The countries agree on a historic ocean treaty to protect the high seas


Nearly 200 countries have agreed on a legally binding treaty to protect marine life in international waters, which cover about half the Earth’s surface but have long been essentially lawless.

The deal was signed on Saturday night after two weeks of negotiations at the United Nations headquarters in New York ended in a mammoth final session lasting more than 36 hours – but it has taken two decades.

The treaty provides legal tools to establish and manage marine protected areas – protected areas designed to protect ocean biodiversity. It also includes environmental assessments to assess the potential harm of commercial activities such as deep-sea mining before they begin, and a commitment by signatories to share marine resources.

“This is a historic day for conservation and a sign that in a divided world, conservation of nature and people can triumph over geopolitics,” said Laura Meller, Oceans Campaigner at Greenpeace Nordic, in a statement.

The high seas are sometimes referred to as the world’s last true wilderness. This vast expanse of water – anything that lies 200 nautical miles outside of countries’ territorial waters – makes up more than 60% of the world’s oceans by area.

These waters provide habitat for a wealth of unique species and ecosystems, support the global fisheries that billions of people depend on, and are a critical buffer against the climate crisis — the oceans have absorbed more than 90% of the world’s excess heat over the past few decades world absorbed .

But they are also very vulnerable. Climate change is increasing sea temperatures and increasingly acidic water is threatening marine life.

Human activities on the oceans are increasing pressures, including industrial fishing, shipping, the burgeoning deep-sea mining industry, and the race to exploit the ocean’s “genetic resources” — material from marine plants and animals for use in industries such as pharmaceuticals.

“There is currently no comprehensive marine life protection regulation in this area,” Liz Karan, oceans project director at the Pew Charitable Trusts, told CNN.

Existing rules are piecemeal, fragmented and weakly enforced, meaning activities on the high seas are often unregulated and poorly monitored, leaving them vulnerable to exploitation.

Only 1.2% of international waters are protected and only 0.8% are considered “highly protected”.

“Between the pieces of the puzzle are vast unmanaged habitats. It really is that bad out there,” Douglas McCauley, a professor of ocean science at the University of California Santa Barbara, told CNN.

The new ocean agreement aims to fill these gaps by providing legal force to create and manage marine protected areas in international waters. Experts say this will be crucial to fulfilling the global biodiversity pledges made by nations at COP15, the UN conference on biodiversity in Montreal in December.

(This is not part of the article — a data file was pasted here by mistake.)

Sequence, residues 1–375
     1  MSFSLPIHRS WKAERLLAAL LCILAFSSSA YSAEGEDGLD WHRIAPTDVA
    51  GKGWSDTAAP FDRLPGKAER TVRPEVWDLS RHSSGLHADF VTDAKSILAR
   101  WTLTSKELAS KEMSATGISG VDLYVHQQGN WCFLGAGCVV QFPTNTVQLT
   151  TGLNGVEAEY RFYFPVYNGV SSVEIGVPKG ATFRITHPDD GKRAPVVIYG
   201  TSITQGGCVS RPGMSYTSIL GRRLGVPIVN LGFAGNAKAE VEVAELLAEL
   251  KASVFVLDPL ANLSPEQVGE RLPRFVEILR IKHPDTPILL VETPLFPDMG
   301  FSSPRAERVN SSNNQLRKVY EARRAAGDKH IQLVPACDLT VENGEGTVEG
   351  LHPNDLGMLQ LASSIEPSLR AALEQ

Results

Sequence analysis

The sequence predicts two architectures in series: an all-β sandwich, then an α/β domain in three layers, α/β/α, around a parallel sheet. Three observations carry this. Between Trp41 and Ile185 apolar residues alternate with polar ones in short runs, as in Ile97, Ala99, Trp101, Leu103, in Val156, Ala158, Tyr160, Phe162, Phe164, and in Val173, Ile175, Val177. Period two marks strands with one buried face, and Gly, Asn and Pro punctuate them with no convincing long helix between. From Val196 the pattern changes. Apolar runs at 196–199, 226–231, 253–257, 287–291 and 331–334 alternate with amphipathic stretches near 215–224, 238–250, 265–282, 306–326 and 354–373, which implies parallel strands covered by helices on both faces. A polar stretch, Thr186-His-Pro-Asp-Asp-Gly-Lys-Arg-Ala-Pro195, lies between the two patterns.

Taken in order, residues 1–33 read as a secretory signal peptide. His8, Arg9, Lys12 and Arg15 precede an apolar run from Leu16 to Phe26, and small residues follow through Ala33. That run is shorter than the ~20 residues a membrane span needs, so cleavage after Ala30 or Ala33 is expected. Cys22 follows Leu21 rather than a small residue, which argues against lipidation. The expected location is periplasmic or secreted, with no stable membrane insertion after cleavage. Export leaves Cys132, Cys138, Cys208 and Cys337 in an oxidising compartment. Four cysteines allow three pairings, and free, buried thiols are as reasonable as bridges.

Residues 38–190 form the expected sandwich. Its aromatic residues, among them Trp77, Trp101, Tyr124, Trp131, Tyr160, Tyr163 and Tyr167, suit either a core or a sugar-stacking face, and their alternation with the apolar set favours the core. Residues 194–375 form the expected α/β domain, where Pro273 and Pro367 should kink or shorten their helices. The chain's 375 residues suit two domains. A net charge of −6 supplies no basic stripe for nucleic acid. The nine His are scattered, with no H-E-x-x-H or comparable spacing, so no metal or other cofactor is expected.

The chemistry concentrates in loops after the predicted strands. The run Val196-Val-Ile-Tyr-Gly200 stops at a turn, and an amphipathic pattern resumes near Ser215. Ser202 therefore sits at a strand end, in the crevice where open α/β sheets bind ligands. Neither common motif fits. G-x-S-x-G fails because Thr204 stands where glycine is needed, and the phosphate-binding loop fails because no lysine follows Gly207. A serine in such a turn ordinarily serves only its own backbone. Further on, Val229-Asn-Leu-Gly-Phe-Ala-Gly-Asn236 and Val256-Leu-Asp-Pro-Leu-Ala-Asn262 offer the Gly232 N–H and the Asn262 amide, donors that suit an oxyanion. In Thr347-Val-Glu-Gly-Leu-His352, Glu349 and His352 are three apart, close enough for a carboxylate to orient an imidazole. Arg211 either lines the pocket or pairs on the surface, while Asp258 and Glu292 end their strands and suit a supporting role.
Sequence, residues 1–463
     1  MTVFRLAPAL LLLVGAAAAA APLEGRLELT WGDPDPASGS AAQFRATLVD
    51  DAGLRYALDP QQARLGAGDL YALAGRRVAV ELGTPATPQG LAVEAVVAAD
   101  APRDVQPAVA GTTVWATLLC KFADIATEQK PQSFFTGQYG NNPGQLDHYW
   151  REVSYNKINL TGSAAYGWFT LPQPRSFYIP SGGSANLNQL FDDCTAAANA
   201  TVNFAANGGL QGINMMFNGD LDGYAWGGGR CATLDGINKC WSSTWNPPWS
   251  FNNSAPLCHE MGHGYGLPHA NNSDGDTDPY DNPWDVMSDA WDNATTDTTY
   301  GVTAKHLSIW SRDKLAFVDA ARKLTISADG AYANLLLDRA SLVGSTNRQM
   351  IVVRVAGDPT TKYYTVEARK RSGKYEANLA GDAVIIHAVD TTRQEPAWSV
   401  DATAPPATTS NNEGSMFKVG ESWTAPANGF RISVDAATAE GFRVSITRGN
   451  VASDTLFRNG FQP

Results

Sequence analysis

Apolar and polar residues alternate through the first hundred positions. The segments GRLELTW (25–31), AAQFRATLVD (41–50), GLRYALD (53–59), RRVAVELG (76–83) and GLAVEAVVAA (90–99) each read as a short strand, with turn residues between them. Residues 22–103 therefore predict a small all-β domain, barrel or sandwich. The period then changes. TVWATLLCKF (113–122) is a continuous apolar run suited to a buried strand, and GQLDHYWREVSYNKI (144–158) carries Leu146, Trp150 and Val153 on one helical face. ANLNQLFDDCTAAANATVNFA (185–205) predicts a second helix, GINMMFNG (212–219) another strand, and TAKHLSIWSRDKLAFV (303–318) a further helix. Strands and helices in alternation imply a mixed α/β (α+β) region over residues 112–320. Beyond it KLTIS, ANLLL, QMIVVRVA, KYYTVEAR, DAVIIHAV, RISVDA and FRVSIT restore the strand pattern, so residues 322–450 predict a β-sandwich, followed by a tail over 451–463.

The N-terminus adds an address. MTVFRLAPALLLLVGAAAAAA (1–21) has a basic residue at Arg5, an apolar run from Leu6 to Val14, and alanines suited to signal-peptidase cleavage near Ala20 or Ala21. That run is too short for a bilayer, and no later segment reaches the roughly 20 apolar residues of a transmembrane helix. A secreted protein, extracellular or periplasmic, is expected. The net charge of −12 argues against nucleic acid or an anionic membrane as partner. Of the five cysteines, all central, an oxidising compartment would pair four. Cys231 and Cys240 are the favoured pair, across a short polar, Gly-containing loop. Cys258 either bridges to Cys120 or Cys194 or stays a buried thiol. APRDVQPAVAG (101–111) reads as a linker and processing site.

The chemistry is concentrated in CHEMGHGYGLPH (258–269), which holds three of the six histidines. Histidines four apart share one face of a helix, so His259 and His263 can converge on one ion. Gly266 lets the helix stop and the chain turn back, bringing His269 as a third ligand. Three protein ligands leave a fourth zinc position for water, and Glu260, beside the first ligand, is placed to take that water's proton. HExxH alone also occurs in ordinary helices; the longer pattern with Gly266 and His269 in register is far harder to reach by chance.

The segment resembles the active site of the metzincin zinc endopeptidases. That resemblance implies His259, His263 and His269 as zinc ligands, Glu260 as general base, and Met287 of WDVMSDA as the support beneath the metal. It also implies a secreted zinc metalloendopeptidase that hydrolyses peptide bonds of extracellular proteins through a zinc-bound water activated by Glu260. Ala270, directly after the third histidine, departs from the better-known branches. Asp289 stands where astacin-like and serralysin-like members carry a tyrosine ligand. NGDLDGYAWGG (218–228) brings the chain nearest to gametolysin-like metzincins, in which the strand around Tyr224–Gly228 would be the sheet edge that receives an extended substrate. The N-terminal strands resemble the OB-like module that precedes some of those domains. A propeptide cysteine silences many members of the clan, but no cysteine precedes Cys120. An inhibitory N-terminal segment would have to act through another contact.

A successful treaty “will help us meet our goal of conserving or protecting at least 30% of the world’s oceans by 2030,” Monica Medina, U.S. assistant secretary of state for oceans and international environmental and scientific affairs, told via email CNN.

The high seas are home to unique species and ecosystems.

The agreement on the ocean agreement marks a process that began about two decades ago.

As early as 2004, the UN set up an ad hoc group to discuss marine protection. It was only in 2015 that the organization passed a resolution to draft a binding ocean agreement, and after years of preparatory talks, serious negotiations began in 2018.

“It’s been a long arc from the first time the question was asked to where we are now,” Karan said.

Many had hoped 2022 would be the breakthrough, but talks in August – the second round this year – ended in failure.

These recent negotiations have been billed as a last chance for the world’s oceans.

There were points during the negotiations where some feared an agreement would never be reached as conflict threatened to derail talks. “It was a bit of a roller coaster ride,” Karan said.

One of the biggest sticking points has been defining the processes for creating marine protected areas and ensuring a fair sharing of costs and benefits – especially since many developing countries may not have the technology or capacity to conduct their own scientific exploration of the high seas.

However, after a grueling final meeting, talks ended with an agreement late on Saturday evening.

“We commend countries for seeking compromise, putting differences aside and forging a treaty that enables us to protect the oceans, build our resilience to climate change, and safeguard the lives and livelihoods of billions of people ‘ Greenpeace’s Meller said.

The countries must now formally accept and ratify the treaty. Then it will start implementing the marine protected areas and try to reach the goal of protecting 30% of the world’s oceans by 2030. “We’ve got half a decade left and we can’t be complacent,” Meller said.

“If we want the high seas to stay healthy for the next century, we need to modernize this system – now. And this is our only, and possibly only, chance to do so. And time is pressing. Climate change is about to rain hellfire on our ocean,” McCauley said.

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